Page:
He climbed up from office clerk in an insurance firm to “ICT (information and communications technology) manager” (although the title was different back then). He had the final responsibility for the automation of police-administration. Thrice he had to clean up the ICT problems caused by others. He also worked as an actuarian. He retired at 60 so that he could devote all his energy to theosophy, especially writing books. Something special took place at that time: Henk went to California for a week. For those that knew him this was an important step, because Henk avoided travelling. To go to Amsterdam was like travelling the world, to him. The reason for this trip was that he really wanted to meet his publisher in Point Loma, the elderly gentleman Emmett Small. Contacts with this publisher meant a lot to Henk: finally his work could be published in books. The support and corrections by Emmett Small remained business-like and aimed at a good book, without limitations on the author. Till the death of Emmett Small, Henk remained faithful to him as a publisher of his English work. Once the first books had been published, he also wrote books for Ankh-Hermes, a Dutch New Age publisher. These books were usually a bit lighter.
Henk died of complications after a bikerhit him while walking. He broke his hip. In the hospital they put in a pin. Then the pin broke and the wound that was caused by that got infected. He died of the infection on March 5th 2005. The whole process took about a month. The cremation was on March 11th.
Character. Henk was a special man, not one for ceremonial relationships and not sparing a word. He worked for the cause, not for people. Another side to him was his generosity. He stood up for the underclass – homeless people. In a few cases he exposed the actions of the police towards the homeless with the help of his contacts. Towards theosophists he was especially generous with books. When he was done with the subject Henk donated his library of rabbinica/Judaica to a kindred spirit. He also donated books to many other people. His criterion was to help people that could do something useful with them and didn’t have that much money to buy books. He had experienced for himself how frustrating it could be to have financial limitations on what you can do or what books you can buy.
Henk was so unattached to decorum, that now, after his demise, it is not clear what diplomas he had obtained. He studied not because he wanted the titles, but because it was the only way to get the academic world to take him seriously. He got a masters degree in math. He studied with the Jesuits and turned in a paper (‘De 45 voorchristelijke messiassen’ or ‘45 Pre-Christian Messiasses’). This led to the title of Magister (Mag.), but he rarely used that. It is equivalent to a masters. He had also attained the title of Engineer through a somewhat unusual route. His employer got him into the register. That was probably during his navy-days (according to his widow). He learned Greek and Sanskrit through private tutoring.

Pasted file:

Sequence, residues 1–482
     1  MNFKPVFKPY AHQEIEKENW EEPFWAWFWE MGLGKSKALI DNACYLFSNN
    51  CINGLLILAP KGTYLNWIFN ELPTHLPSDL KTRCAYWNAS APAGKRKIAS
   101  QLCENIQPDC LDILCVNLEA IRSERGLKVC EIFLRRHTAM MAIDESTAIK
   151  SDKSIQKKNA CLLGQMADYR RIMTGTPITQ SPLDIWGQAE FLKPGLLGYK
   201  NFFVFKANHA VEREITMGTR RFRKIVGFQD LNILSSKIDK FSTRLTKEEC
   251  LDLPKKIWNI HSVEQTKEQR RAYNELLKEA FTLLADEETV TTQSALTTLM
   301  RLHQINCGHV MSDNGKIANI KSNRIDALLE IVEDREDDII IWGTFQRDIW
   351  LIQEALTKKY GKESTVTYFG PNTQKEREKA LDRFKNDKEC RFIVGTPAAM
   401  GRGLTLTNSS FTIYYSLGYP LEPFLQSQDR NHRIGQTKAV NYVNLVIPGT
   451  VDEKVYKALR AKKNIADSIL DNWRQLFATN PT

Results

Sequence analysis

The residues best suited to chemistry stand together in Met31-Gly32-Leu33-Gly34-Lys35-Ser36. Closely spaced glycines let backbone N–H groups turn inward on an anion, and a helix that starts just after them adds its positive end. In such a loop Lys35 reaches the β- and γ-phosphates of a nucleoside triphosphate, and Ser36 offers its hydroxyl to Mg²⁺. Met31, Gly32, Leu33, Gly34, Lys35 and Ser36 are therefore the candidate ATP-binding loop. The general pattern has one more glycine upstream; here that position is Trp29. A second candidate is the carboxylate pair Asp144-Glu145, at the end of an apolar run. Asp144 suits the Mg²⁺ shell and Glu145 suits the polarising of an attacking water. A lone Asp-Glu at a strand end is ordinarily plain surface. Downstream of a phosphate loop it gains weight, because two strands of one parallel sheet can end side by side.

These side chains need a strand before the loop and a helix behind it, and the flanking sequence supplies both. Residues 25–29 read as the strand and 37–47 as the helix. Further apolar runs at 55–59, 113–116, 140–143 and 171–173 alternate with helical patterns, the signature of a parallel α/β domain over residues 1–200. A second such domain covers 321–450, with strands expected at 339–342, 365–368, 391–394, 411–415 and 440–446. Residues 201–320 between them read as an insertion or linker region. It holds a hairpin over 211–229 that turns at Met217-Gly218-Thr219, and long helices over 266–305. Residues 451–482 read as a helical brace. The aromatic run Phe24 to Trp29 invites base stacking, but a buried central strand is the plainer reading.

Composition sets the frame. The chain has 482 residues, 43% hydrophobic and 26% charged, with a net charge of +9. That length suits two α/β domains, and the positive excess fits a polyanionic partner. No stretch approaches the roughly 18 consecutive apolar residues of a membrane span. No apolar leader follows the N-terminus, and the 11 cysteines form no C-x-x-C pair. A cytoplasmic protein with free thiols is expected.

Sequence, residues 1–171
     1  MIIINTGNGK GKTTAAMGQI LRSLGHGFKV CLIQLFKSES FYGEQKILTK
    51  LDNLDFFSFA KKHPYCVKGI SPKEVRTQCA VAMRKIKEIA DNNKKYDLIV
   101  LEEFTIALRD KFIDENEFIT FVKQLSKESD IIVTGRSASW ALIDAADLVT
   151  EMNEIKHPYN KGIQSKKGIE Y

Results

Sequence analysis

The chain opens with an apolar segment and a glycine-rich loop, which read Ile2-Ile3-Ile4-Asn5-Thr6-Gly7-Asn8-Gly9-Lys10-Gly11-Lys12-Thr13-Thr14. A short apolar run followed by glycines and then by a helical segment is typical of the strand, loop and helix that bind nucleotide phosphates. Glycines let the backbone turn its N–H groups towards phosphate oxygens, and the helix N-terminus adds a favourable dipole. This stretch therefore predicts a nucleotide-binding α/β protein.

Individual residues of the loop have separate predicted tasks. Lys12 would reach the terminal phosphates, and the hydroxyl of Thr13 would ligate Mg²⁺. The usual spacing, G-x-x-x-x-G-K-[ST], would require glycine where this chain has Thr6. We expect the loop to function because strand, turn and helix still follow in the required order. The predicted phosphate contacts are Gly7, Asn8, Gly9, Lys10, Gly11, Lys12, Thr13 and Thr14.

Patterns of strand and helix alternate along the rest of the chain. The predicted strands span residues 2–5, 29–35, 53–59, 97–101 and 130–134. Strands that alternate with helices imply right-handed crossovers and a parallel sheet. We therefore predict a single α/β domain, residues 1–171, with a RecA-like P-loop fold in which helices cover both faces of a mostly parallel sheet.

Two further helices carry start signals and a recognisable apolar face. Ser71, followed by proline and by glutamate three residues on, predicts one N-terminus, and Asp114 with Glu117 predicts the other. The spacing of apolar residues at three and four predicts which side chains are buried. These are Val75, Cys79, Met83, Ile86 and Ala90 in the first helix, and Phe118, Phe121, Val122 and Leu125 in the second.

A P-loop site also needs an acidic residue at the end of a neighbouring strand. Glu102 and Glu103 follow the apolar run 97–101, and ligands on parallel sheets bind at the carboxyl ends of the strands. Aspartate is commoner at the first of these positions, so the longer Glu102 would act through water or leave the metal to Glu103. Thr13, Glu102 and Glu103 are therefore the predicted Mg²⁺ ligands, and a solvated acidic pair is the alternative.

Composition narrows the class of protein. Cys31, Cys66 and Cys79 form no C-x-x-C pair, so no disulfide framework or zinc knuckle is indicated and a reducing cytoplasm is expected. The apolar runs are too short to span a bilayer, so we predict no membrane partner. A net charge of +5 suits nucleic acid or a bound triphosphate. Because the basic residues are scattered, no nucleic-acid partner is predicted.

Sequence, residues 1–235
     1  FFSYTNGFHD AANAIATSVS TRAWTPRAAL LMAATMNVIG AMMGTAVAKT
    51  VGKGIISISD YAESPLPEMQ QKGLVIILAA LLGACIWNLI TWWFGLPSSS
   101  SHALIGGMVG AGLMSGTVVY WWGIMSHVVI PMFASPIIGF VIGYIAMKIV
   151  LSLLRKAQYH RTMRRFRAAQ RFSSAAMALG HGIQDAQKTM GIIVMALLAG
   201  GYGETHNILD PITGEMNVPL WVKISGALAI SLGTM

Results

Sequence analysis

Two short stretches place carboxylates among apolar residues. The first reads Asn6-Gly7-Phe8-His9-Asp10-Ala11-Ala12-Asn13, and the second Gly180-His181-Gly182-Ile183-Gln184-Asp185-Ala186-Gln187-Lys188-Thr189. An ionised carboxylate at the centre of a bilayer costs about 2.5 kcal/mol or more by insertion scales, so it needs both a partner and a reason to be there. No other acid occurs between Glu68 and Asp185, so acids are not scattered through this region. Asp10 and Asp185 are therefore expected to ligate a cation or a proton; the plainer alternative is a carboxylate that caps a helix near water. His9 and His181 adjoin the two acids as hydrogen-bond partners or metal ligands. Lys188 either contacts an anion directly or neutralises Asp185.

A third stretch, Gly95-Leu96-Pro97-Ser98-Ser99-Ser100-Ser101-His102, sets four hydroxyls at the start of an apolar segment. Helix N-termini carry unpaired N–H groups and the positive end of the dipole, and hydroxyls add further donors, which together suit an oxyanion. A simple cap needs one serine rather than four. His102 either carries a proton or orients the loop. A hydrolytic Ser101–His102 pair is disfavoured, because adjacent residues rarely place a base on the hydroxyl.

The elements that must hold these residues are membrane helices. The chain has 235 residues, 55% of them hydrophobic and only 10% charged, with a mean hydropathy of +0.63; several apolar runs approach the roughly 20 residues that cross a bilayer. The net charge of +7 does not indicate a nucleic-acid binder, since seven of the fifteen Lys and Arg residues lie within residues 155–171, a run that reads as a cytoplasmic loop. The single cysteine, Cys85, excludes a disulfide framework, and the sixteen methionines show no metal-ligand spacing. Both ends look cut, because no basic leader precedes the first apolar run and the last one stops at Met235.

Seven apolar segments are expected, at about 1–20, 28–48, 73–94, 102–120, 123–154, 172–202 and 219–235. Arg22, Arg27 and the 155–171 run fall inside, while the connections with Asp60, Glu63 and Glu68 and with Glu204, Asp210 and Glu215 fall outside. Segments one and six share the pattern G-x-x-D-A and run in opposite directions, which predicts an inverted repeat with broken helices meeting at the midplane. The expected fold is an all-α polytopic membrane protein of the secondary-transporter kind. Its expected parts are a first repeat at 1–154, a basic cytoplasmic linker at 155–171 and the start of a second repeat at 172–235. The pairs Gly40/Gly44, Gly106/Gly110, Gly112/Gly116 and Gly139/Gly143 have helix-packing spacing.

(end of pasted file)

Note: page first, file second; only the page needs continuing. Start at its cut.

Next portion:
Point Loma Publications – H.P. Blavatsky on the Gnostics (1994) – The Vedanta Commentaries of H.P. Blavatsky (1992) – The Veda Commentaries of H.P. Blavatsky (1996) – The Buddhism of H.P. Blavatsky (1991) – The Inner Group Teachings of H.P. Blavatsky (1985, 1995) – Astrology of a Living Universe, Helena Blavatsky’s Visionary Philosophy of the Seven Sacred Planets(1997) – The New Testament Commentaries of H.P. Blavatsky (1987) – T. Subba Row Collected Writings (Volume 1: 2001; Volume 2: 2001/2002)
Ankh Hermes – De Philonische Geheime Leer, De Kabala van Philo van Alexandrië (2001) – Avadhuta Gita (1998) – De Pelgrimstocht van de Ziel, Een Oud-Syrische Vertelling (1998) – Over 25 Incarnaties van de Dalai Lama (2000) – De Nag Hammadi Geschriften (registers) (2004) Uitgeverij van de Theosofische Vereniging (Publisher of the Dutch TS-Adyar) – Studies in de Bhagavad Gita, T. Subba Row (index en historical overview) (1999)
Starting in the 60’s Henk wrote many magazine-articles. Many of those are now hard to find. At first they appeared mostly in his own magazine Lucifer (60’s and 70’s). Later he also contributed to Kleintje Muurkrant (activist movement), Theosofia (TS-Adyar, The Netherlands) and Theosophical History (independent theosophical magazine).